MY PERSPECTIVE, Gary Damron
The past few weeks have featured a series of people who walked in faith. Today we’ll look at Jesus, the “author and perfecter of faith” (Hebrews 12:2) as he faced arrest and trial. Two things we realize are that it wasn’t just Jesus who would be tried. Judas, Peter and the other disciples, the crowd, and Roman soldiers would all be tested to see where their faith lay. The second point is that throughout each event, including crucifixion, Jesus remained the one in control.
Fortified by prayers of agony in Gethsemane, Jesus met trouble head-on. He told his friends, “‘Get up, let us be going; behold, the one who betrays me is at hand!” (Mark 14:42). We’ll mesh accounts from Matthew chapter 26, Mark 14, Luke 22 and John chapter 18 to try to bring into focus details from different perspectives betrayal, defense, and indictment.
The betrayal began immediately, “…while he was still speaking, Judas, one of the twelve, came up, accompanied by a crowd with swords and clubs who were from the chief priests, the scribes, and the elders.” The group included a cohort of Roman officers and the temple guard, far more manpower than was warranted, coming at night as they feared resistance from his followers.
Judas approached Jesus, addressed him as “Rabbi”, and gave a predetermined sign for the soldiers. Jesus addressed him. “‘Judas, are you betraying the son of man with a kiss?’”, and later, “‘Friend, do what you have come for [or why are you here]’” Despite his years as a trusted disciple, Judas evidently had never acknowledged Jesus as Lord. Even to label him Rabbi or Teacher was an empty statement, yet Jesus’ kindness contrasted with the traitor’s kiss. The encounter reminds of God’s question to Adam in Eden, “Where are you?” Though Jesus offered in love one last chance for Judas to respond and repent, the betrayer was lost.
As the crowd prepared to seize Jesus, Peter rose to his defense and cut off the ear of a servant named Malchus. While the others mentioned this incident, John is the only Gospel writer who identified that it was Peter. Jesus responded, “‘Stop! No more of this.’ And he touched his ear and healed him” (Luke 22:51). Our Lord not only rejected the idea of violence and arms to achieve kingdom objectives; he brought healing and restoration in the face of it. It’s true that in the last days he will utterly destroy evil. But until then, the only approved weapons for the Church seem to be suffering and forgiving love.
If this is a new thought, I would challenge each person to review these passages and other scriptures to see what is revealed about defending ourselves in similar situations. The Church’s history is filled with sacrifices and martyrs. Judas put his faith in the Roman government and power; Peter took up a sword; we often try to take matters into our own hands. We resort to our own abilities rather than placing faith in God’s resources and resting in his plan.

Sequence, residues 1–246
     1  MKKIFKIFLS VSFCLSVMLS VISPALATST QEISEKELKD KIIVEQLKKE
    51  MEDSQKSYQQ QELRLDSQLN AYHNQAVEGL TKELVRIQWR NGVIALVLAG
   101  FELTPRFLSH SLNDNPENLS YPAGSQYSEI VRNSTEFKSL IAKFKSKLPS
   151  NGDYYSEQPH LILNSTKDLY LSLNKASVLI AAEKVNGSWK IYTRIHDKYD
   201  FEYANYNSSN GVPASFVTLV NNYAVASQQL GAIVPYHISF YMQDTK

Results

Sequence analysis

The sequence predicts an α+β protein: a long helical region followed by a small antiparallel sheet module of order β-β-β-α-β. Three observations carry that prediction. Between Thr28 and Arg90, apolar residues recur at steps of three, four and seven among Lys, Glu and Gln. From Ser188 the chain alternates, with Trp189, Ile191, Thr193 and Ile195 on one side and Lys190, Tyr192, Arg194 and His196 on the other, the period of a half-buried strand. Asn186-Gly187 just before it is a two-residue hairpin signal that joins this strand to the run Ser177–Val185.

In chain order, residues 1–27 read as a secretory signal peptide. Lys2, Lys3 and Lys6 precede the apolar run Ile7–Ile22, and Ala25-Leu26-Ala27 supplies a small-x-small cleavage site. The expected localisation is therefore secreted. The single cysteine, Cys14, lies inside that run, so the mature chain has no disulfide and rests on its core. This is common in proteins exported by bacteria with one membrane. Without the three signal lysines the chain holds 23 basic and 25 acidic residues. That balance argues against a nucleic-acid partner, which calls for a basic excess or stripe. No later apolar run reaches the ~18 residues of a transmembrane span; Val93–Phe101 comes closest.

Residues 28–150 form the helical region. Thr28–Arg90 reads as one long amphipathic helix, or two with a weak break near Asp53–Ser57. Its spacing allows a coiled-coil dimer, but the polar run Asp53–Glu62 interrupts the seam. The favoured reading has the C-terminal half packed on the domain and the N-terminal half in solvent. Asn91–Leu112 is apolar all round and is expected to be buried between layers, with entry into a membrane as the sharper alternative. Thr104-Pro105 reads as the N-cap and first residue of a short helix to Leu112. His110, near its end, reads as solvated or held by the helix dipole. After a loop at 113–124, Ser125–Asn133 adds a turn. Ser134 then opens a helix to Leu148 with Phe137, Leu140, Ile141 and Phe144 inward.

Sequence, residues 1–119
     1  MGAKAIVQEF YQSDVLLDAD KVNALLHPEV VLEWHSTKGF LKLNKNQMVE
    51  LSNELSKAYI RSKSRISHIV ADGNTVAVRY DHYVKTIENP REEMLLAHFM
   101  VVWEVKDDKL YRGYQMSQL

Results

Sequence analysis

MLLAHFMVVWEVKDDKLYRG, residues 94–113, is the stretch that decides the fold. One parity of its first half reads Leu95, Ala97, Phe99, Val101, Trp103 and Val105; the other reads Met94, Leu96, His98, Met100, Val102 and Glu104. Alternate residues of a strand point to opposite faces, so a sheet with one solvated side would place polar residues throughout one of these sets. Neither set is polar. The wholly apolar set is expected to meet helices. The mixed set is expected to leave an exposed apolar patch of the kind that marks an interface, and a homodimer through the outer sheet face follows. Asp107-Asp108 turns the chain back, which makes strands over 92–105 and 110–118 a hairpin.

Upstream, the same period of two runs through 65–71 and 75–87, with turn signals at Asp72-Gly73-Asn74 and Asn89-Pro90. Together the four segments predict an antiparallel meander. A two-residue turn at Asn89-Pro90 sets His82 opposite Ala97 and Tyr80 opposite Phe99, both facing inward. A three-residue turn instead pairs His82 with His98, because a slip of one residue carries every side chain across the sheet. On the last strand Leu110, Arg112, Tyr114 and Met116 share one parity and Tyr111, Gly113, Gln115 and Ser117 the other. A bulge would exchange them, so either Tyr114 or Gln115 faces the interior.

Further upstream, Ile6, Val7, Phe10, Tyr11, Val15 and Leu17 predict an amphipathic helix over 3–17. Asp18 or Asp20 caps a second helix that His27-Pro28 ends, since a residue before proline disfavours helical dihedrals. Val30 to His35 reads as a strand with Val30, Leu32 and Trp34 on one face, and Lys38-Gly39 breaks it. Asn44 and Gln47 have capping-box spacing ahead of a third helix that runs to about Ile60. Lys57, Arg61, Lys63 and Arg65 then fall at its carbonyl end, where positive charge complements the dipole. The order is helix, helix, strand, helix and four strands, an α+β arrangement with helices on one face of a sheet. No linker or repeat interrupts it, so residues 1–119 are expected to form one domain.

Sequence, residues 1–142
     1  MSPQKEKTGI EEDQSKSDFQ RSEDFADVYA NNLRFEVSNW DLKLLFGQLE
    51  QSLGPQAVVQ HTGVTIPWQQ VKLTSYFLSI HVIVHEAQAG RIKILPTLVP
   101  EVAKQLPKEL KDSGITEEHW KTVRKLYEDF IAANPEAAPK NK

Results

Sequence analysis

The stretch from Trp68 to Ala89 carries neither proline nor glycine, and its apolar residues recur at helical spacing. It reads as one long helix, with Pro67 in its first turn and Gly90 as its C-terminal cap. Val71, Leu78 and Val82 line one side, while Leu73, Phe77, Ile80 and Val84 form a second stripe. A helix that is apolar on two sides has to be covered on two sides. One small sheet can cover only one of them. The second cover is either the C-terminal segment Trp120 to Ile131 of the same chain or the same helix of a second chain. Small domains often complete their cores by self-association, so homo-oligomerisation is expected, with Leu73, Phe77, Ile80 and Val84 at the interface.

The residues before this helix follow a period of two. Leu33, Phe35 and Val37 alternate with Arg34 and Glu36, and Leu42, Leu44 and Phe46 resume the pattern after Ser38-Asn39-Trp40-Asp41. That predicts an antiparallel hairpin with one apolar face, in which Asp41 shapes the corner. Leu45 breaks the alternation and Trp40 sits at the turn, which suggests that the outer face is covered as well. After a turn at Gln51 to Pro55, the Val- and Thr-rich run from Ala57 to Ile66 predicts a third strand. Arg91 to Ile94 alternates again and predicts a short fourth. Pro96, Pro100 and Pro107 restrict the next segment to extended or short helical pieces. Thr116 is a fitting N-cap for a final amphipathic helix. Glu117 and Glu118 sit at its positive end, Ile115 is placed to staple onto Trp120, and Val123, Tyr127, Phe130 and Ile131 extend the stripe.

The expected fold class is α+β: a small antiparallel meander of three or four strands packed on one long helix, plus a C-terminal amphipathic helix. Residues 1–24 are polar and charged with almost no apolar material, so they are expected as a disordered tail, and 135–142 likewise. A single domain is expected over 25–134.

The indictment that Jesus gave to the nighttime crowd began in the garden and continued to the cross. He met the throng asking, “‘Whom do you seek?” When they replied, his response, “‘I am’” came with such power, “…they drew back and fell to the ground.” He said, “‘Have you come out with swords and clubs as you would against a man inciting a revolt? While I was with you daily in the temple, you did not lay hands on me; but this hour and the power of darkness are yours’” (Luke 22:52-53).
The ministry of Jesus had remained open, transparent, available for everybody to see. Powers of evil are exercised in darkness, hidden times and practices. Followers of Christ are to be children of light, honest and sincere in all our dealings.
After Jesus was placed under arrest, the eleven disciples left him, trying to save themselves while he willingly submitted to his captors. One account tells of a young man who followed the crowd. He was seized, but managed to pull free, leaving his garment behind. Only found in Mark, it’s thought this probably referred to John Mark who may have been with Jesus as a follower, and who later traveled with Paul.
All the disciples eventually learned from watching Jesus on trial. Peter wrote later, “…while being abusively insulted, he did not insult in return; while suffering, he did not threaten, but kept entrusting himself to him who judges righteously” (1 Peter 2:23). Jesus the “Great I Am”, the Son of God, possessed authority and confidence to save himself. However, he yielded himself according to the will of the Father. As we approach Easter this week, each of us should be encouraged in our faith journey. Whatever trials we face, we can trust his word, his sacrifice, and resting in God’s power, we will make it through.